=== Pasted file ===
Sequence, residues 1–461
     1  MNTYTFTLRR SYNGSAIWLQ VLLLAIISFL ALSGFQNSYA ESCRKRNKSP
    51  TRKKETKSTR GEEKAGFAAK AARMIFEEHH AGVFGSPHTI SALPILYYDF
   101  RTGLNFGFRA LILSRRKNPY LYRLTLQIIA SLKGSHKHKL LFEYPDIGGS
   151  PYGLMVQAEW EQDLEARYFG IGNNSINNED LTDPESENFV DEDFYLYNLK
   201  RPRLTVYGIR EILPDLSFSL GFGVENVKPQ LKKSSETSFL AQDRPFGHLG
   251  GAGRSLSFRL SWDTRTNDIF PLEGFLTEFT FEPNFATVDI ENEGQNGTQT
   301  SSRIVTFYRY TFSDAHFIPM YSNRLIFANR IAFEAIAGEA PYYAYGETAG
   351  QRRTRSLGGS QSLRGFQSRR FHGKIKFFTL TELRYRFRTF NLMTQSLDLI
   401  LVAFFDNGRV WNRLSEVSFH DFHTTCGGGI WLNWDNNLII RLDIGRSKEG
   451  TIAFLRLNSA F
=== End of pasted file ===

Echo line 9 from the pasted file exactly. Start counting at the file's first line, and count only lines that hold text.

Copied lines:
   351  QRRTRSLGGS QSLRGFQSRR FHGKIKFFTL TELRYRFRTF NLMTQSLDLI